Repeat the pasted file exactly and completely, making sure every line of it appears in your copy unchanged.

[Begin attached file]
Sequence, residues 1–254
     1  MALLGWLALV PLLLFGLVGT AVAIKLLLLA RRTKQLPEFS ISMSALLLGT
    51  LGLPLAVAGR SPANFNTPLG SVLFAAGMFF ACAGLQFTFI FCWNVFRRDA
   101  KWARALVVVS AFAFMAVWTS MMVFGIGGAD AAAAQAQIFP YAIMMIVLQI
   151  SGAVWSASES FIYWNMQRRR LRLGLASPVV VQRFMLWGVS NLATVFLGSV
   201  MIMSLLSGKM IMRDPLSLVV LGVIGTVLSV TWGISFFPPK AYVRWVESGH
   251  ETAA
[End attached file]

Sequence, residues 1–254
     1  MALLGWLALV PLLLFGLVGT AVAIKLLLLA RRTKQLPEFS ISMSALLLGT
    51  LGLPLAVAGR SPANFNTPLG SVLFAAGMFF ACAGLQFTFI FCWNVFRRDA
   101  KWARALVVVS AFAFMAVWTS MMVFGIGGAD AAAAQAQIFP YAIMMIVLQI
   151  SGAVWSASES FIYWNMQRRR LRLGLASPVV VQRFMLWGVS NLATVFLGSV
   201  MIMSLLSGKM IMRDPLSLVV LGVIGTVLSV TWGISFFPPK AYVRWVESGH
   251  ETAA